Software testing is an investigation conducted to provide stakeholders with information about the quality of the product or service under test. Software testing can also provide an objective, independent view of the software to allow the business to appreciate and understand the risks of software implementation. Test techniques include, but are not limited to, the process of executing a program or application with the intent of finding software bugs (errors or other defects) – Wikipedia
The main intend of this post is, introduce you to UI tests over some ruby toys. In fact you could create an entire project (new) in ruby just to test your legacy web project. It’s cool, you can learn new language and work for the improvement of your legacy product. If you are totally new for ruby maybe a ruby overview can help you. (or might confuse you more)
Installing ruby, watir and rspec
Instead of installing the ruby directly, we are going to install the RVM (Ruby Version Manager) to then install any ruby we need. The steps described here were made on Ubuntu 11.04. On your terminal do the magic to install RVM.
bash < <(curl -s https://rvm.beginrescueend.com/install/rvm)
echo ‘[[ -s “$HOME/.rvm/scripts/rvm” ]] && . “$HOME/.rvm/scripts/rvm” # Load RVM function’ >> ~/.bash_profile
And from now on, your life will be better on ruby interpreters versions. Let’s install the ruby 1.9.2. (terminal again)
rvm install 1.9.2
And if we want to see the rubies installed on our machine?
And now, how can we chose one ruby to work on the terminal session?
rvm use 1.9.2
For the test purpose we will use Watir and RSpec, great tools for testing, make fun with BDD and the best thing is install them it’s very easy.
gem install watir-webdriver gem install rspec
Since we have all things installed, we can move for the example. The feature I want to test is the search system of Amazon. Being more precise, I want to search for ‘Brazil’ and see if the ‘Brazil on the Rise’ is within the results as I want to be sure when I search for ‘semnocao‘ the Amazon doesn’t provide any result. Now, we can write the spec.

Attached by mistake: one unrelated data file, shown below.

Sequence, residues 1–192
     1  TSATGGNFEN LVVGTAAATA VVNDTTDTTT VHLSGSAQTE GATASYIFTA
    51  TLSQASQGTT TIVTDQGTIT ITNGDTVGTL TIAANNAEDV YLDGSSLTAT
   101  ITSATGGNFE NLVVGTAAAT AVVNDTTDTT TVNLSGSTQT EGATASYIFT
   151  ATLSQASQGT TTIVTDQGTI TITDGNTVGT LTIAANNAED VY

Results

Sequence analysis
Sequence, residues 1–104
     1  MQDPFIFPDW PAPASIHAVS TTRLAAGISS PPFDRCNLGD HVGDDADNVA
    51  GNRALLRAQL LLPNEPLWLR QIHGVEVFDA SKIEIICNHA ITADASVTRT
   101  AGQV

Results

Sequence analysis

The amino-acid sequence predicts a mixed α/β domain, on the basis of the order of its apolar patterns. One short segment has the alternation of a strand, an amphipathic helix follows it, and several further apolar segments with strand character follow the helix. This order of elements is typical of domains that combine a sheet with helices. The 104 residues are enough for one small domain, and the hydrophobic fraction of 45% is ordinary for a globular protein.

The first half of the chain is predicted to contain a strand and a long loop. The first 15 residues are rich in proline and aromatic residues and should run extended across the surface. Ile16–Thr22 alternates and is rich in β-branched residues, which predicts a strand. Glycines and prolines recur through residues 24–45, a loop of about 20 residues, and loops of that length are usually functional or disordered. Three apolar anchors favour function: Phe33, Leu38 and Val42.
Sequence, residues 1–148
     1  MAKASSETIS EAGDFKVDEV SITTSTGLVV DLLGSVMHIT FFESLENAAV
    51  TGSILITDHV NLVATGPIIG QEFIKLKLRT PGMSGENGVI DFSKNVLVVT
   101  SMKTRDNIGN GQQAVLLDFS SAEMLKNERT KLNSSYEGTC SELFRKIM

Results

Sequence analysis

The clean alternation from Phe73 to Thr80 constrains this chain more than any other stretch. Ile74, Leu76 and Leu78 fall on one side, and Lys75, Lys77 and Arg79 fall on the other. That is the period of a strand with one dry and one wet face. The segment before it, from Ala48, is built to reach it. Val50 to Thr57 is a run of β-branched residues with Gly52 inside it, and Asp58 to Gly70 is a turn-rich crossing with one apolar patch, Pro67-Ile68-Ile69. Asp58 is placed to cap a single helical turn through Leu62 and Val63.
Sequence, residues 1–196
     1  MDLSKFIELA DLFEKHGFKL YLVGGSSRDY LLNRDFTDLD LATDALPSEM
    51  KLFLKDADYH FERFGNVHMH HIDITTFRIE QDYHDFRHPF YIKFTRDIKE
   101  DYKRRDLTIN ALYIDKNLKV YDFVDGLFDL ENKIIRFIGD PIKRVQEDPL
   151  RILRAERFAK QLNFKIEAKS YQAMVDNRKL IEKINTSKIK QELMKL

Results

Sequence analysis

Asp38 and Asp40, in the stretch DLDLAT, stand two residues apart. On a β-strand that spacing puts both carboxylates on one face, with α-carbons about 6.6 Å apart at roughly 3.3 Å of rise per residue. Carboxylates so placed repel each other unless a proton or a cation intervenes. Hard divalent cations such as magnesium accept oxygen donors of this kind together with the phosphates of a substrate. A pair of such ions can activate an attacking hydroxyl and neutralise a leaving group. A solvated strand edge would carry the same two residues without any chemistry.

require 'amazon_page' describe AmazonPage do before(:each) do @page = AmazonPage.new end after(:each) do @page.close end it "should show 'Brazil on the Rise' when I query for [Brazil]" do @page.query 'Brazil' @page.has_text('Brazil on the Rise').should == true end it "should bring no result when I search for [semnocao]" do @page.query 'semnocao' @page.results_count.should == 0 end end
The specification is very simple, it will create a page before each test calling and close the page after each test calling. There is only two tests: test when you search for Brazil and when you search for semnocao. We will design the tests using page object pattern. The class bellow is the page which represents the Amazon page and all testable behaviors should be inside of it.
require 'watir-webdriver' class AmazonPage def initialize @page = Watir::Browser::new :firefox @page.goto 'http://www.amazon.com' end def close @page.quit end def query(parameter) @page.text_field(:id=>'twotabsearchtextbox').set parameter @page.send_keys :enter end def has_text(text) @page.text.include? text end def results_count if @page.text.include? 'did not match' 0 else @page.div(:id=>'resultCount').text.split(' ').gsub(',','').to_i end end end
To run this you just need to type on your terminal.
The final code can be downloaded or viewed at github.
- We could improve our story readibility with Cucumber.
- We could send the browser execution to an Xvfb server. (A.K.A. running headless) The browser pops up really bothers me.
- We could integrate it with our CI.
- We could design a base Page class for provide common operations as mixin or something